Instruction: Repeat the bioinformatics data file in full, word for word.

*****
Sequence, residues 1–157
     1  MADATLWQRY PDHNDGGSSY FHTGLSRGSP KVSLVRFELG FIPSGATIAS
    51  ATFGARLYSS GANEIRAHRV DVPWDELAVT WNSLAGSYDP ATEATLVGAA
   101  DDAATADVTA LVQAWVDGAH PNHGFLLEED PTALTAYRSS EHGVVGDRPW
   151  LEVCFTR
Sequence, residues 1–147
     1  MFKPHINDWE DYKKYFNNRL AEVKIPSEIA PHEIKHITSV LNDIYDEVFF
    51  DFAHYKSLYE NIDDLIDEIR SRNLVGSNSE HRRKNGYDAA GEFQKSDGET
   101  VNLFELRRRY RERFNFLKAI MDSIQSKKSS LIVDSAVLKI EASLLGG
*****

Sequence, residues 1–157
     1  MADATLWQRY PDHNDGGSSY FHTGLSRGSP KVSLVRFELG FIPSGATIAS
    51  ATFGARLYSS GANEIRAHRV DVPWDELAVT WNSLAGSYDP ATEATLVGAA
   101  DDAATADVTA LVQAWVDGAH PNHGFLLEED PTALTAYRSS EHGVVGDRPW
   151  LEVCFTR
Sequence, residues 1–147
     1  MFKPHINDWE DYKKYFNNRL AEVKIPSEIA PHEIKHITSV LNDIYDEVFF
    51  DFAHYKSLYE NIDDLIDEIR SRNLVGSNSE HRRKNGYDAA GEFQKSDGET
   101  VNLFELRRRY RERFNFLKAI MDSIQSKKSS LIVDSAVLKI EASLLGG